The WWOOFing Guide + My Experiences.

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Still deciding what to do this summer? Do you want to go travelling but find yourself on a tight budget? Do you wish to discover new countries without paying a fortune on food and sweaty hostel dorms?

Then why not try WWOOFing? It is a great way to get to know a country and its people hands on, and making the travel funds last a little bit longer at the same time!

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I spent 3 months travelling around Queensland, Australia this way with a friend of mine to gather up enough days to be eligible for our 2nd WHV. But of course it exists all over the globe and can be done just for the pure experience of it, not counting any “farm days”!

We lived in an articulated Adelaide city bus and teeny cottages, planted garlic and chased 150 kilo wild boars around in our wellington boots – basically, had a whole lot of experiences that have now emerged into funny anecdotes and good memories!Fullscreen capture 05052016 145139.bmp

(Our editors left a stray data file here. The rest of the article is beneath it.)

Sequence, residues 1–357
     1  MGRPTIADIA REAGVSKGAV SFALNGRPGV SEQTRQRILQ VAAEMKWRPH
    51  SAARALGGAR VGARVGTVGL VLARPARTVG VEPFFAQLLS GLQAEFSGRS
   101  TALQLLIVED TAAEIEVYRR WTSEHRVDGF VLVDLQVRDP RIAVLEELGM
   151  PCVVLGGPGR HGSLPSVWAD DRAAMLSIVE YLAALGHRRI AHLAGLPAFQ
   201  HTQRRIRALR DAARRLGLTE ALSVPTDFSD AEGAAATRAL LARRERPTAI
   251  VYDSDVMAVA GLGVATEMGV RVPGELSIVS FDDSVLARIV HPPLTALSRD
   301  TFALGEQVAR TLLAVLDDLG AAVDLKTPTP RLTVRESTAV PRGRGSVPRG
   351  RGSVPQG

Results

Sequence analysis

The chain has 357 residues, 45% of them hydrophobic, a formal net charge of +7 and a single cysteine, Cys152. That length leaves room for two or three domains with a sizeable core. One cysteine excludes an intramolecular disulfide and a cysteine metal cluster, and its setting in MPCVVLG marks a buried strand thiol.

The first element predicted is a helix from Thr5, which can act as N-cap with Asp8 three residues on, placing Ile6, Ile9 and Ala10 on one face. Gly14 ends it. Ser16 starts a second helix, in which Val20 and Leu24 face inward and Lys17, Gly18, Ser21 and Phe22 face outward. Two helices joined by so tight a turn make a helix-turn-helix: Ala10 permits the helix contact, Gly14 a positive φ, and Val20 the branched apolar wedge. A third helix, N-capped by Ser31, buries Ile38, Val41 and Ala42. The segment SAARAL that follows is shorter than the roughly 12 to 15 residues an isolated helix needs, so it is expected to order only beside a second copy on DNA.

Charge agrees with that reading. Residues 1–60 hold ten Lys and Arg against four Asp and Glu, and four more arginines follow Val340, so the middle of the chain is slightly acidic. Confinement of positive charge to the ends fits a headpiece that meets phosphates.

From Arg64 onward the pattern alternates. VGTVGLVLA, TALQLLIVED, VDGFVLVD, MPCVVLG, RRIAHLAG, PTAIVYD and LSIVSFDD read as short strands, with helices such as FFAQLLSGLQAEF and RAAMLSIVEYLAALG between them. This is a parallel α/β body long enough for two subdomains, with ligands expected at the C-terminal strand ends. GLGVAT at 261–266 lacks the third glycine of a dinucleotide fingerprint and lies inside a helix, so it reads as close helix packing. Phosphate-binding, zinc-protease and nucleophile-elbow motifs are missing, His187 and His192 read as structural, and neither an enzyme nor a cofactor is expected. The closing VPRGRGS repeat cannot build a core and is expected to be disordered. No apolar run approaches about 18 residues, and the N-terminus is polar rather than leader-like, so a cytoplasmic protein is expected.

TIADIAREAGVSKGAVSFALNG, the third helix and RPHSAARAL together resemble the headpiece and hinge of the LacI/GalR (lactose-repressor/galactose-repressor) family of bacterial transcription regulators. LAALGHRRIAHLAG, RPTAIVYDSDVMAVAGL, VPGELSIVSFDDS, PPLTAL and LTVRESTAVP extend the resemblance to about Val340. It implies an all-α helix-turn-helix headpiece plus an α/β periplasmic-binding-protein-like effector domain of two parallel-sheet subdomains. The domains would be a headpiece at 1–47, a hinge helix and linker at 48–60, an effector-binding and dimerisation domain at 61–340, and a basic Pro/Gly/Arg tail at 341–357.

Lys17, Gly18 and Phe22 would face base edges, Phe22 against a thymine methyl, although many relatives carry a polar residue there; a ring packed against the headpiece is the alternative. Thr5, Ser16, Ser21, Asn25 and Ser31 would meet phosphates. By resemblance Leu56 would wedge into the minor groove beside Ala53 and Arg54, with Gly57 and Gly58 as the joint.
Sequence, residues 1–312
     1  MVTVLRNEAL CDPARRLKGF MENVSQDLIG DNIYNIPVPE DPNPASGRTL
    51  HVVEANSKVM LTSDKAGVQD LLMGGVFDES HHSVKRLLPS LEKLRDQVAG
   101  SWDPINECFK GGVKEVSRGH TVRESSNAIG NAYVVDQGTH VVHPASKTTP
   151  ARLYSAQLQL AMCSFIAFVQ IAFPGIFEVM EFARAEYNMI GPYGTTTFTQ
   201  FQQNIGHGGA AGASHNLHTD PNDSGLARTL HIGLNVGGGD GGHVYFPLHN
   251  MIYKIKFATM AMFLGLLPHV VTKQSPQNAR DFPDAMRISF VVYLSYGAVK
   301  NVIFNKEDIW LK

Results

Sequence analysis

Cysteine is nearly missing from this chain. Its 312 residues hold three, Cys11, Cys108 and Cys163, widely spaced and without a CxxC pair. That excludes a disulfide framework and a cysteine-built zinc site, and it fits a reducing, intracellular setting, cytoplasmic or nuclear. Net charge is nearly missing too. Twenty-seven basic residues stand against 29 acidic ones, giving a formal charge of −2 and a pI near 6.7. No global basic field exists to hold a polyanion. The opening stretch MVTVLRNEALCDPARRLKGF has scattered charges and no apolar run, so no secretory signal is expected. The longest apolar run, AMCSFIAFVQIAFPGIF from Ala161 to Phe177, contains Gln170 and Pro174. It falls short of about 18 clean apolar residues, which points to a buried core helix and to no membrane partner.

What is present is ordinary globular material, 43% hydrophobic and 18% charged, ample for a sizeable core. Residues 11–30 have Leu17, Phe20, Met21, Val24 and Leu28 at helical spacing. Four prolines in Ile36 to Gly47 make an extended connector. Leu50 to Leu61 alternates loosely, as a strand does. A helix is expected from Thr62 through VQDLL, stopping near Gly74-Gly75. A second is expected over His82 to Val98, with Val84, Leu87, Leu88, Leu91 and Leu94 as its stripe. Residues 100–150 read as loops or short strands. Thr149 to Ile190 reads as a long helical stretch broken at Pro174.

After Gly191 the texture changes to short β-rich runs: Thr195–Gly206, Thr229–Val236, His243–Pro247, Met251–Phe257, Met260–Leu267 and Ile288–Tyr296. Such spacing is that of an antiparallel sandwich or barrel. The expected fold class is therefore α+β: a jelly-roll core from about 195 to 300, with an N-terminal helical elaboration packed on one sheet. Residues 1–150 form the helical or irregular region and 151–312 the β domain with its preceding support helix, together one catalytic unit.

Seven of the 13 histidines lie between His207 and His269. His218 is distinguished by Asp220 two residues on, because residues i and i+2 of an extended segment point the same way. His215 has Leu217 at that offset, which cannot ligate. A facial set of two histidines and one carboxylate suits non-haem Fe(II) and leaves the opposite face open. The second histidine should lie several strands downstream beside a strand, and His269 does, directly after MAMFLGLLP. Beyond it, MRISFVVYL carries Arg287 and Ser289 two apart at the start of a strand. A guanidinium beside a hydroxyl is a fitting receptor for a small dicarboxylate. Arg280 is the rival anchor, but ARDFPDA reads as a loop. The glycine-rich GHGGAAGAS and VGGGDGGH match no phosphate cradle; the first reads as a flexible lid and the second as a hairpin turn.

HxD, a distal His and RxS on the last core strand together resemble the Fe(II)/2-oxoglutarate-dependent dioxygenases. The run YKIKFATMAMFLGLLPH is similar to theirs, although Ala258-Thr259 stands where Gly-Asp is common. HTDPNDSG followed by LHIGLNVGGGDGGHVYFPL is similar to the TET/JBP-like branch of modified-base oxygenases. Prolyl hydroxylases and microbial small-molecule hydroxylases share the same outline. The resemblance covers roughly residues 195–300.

How it works: In exchange for accommodation and food, you spend a couple of hours each day with whatever needs doing on the farm in particular. It can be anything from removing weeds to building fences or looking after animals.
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In Australia you can buy yourself like a “telephone catalog” and simply call/email the places where you are interested in working. It also doubles up as an insurance in case something would happen. Alternatively you sign up on the website and start browsing the ads online!

The following is roughly what sort of places we stayed and work we did during our 88 days of WWOOFing in QLD:
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Eungella

… which is actually an aboriginal name translating roughly to “Land of the Clouds”, which is literally where we stayed – high up in the mountains close to McKay.
Stayed in: a fancy designer wooden house surrounded by paddocks, where I got my own room and free access to the book shelf full of Murakami etc.
Worked with: pruning and planting hoop pines that the landowner was gonna make a fortune on in say… 30 years.
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Lowmead

… stayed with a sweet couple living about an hour drive from Bundaberg, where we went to stock up on groceries once a week. They drove us around to all kinds of places + took us to see their friends who had hundreds of cool birds such as the kookaburra passing by their yard each day.